Backhed F, Ding H, Wang T, et al. 2004. The gut microbiota as an environmental factor that regulates fat storage[J]. Proceedings of the National Academy of Sciences of the United States of America, 101(44): 15718-15723.
Berman CM, Li J, Ogawa H, et al. 2007. Primate tourism, range restriction, and infant risk among Macaca thibetana at Mt. Huangshan, China[J]. International Journal of Primatology, 28(5): 1123-1141.
Bokulich NA, Subramanian S, Faith JJ, et al. 2013. Quality-filtering vastly improves diversity estimates from Illumina amplicon sequencing[J]. Nature Methods, 10(1): 57-59.
Caporaso JG, Kuczynski J, Stombaugh J, et al. 2010. QⅡME allows analysis of high-throughput community sequencing data[J]. Nature Methods, 7(5): 335-336.
Clarke SF, Murphy EF, Nilaweera K, et al. 2012. The gut microbiota and its relationship to diet and obesity: new insights[J]. Gut Microbes, 3(3): 186-202.
Clayton JB, Vangay P, Huang H, et al. 2016. Captivity humanizes the primate microbiome[J]. Proceedings of the National Academy of Sciences of the United States of America, 113(37): 10376-10381.
David LA, Maurice CF, Carmody RN, et al. 2014. Diet rapidly and reproducibly alters the human gut microbiome[J]. Nature, 505(7484): 559-563.
Deng P, Swanson KS. 2015. Gut microbiota of humans, dogs and cats: current knowledge and future opportunities and challenges[J]. British Journal of Nutrition, 113(S1): S6-S17.
Edgar RC. 2010. Search and clustering orders of magnitude faster than BLAST[J]. Bioinformatics, 26(19): 2460-2461.
Edgar RC. 2013. UPARSE: highly accurate OTU sequences from microbial amplicon reads[J]. Nature Methods, 10(10): 996-998.
Egert M, De Graaf AA, Smidt H, et al. 2006. Beyond diversity: functional microbiomics of the human colon[J]. Trends in Microbiology, 14(2): 86-91.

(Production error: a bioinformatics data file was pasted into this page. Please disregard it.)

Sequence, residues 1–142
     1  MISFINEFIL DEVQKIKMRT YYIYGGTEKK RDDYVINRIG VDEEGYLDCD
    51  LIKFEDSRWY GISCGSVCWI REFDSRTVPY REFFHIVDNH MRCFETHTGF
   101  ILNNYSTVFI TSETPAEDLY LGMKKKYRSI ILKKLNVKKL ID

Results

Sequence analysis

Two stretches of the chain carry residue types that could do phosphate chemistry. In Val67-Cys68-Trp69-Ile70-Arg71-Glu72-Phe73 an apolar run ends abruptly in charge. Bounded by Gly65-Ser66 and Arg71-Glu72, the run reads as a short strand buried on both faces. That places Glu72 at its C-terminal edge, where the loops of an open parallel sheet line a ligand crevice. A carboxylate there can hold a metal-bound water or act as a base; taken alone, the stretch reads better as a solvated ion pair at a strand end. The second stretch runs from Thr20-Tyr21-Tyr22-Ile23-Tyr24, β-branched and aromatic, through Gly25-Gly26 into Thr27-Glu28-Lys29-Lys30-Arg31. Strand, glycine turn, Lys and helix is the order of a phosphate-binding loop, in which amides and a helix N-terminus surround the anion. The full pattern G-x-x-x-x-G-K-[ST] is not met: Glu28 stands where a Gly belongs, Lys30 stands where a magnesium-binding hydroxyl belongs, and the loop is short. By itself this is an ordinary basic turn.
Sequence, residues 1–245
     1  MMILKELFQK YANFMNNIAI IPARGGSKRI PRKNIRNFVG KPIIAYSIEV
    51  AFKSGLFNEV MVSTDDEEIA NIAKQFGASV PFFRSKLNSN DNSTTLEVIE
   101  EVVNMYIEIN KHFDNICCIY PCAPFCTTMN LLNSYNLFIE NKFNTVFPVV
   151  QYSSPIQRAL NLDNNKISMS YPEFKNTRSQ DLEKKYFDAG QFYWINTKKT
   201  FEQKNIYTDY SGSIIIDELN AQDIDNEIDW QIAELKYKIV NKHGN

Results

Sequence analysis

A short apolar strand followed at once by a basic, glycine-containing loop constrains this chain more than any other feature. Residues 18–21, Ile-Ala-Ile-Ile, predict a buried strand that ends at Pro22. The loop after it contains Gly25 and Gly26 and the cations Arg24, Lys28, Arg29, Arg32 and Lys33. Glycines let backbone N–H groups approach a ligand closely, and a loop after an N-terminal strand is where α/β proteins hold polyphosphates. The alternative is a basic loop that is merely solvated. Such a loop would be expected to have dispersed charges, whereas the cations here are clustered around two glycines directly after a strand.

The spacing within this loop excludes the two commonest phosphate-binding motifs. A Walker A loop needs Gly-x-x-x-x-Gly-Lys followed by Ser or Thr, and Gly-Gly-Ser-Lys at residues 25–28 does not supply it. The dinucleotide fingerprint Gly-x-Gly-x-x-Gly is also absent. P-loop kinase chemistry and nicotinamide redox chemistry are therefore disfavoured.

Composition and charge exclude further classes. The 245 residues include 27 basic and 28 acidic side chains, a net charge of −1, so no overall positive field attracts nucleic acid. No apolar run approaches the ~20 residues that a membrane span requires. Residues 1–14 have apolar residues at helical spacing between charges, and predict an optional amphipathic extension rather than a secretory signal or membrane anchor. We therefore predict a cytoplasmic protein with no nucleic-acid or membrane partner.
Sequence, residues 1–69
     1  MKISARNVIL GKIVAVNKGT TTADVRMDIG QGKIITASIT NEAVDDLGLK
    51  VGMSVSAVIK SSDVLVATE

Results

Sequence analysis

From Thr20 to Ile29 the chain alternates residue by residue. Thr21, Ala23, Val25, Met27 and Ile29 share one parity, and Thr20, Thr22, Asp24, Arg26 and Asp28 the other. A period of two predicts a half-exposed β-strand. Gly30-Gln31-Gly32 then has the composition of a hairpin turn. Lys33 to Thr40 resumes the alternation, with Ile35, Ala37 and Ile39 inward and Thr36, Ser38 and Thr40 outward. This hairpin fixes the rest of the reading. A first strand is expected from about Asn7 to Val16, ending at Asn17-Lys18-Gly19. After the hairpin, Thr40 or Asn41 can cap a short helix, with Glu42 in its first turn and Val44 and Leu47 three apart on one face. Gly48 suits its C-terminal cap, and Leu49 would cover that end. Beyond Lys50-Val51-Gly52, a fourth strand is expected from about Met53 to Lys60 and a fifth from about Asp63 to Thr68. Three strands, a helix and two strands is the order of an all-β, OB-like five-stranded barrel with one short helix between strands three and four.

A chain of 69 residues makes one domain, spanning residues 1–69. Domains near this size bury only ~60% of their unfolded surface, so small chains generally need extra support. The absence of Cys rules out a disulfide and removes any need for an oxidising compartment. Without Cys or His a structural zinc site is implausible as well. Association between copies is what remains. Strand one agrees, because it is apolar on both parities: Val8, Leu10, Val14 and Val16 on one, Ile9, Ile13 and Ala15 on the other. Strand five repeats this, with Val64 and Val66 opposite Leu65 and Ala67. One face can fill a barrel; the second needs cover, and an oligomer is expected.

Filippo CD, Cavalieri D, Paola MD, et al. 2010. Impact of diet in shaping gut microbiota revealed by a comparative study in children from Europe and rural Africa[J]. Proceedings of the National Academy of Sciences of the United States of America, 107(33): 14691-14696.
Jindou S, Borovok I, Rincon MT, et al. 2006. Conservation and divergence in cellulosome architecture between two strains of Ruminococcus flavefaciens[J]. Journal of Bacteriology, 188(22): 7971-7976.
Karlsson F, Svartstrom O, Belak K, et al. 2013. Occurrence of Treponema spp. in porcine skin ulcers and gingiva[J]. Veterinary Microbiology, 165(3-4): 402-409.
Langille MG, Zaneveld J, Caporaso JG, et al. 2013. Predictive functional profiling of microbial communities using 16S rRNA marker gene sequences[J]. Nature Biotechnology, 31(9): 814-821.
Long YC, Richardson M. 2008. Macaca thibetana[DB/OL]. (2018-04-20). The IUCN Red List of Threatened Species 2008: e.T12562A3359510.
Lozupone C, Lladser ME, Knights D, et al. 2011. UniFrac: an effective distance metric for microbial community comparison[J]. The ISME Journal, 5(2): 169-172.
Magoc T, Salzberg SL. 2011. FLASH: fast length adjustment of short reads to improve genome assemblies[J]. Bioinformatics, 27(21): 2957-2963.
Matheson MD, Sheeran LK, Li JH, et al. 2006. Tourist impact on Tibetan macaques[J]. Anthrozoos, 19(2): 158-168.
Mcdonald D, Price MN, Goodrich J, et al. 2012. An improved Greengenes taxonomy with explicit ranks for ecological and evolutionary analyses of bacteria and archaea[J]. The International Society for Microbial Ecology Journal, 6(3): 610-618.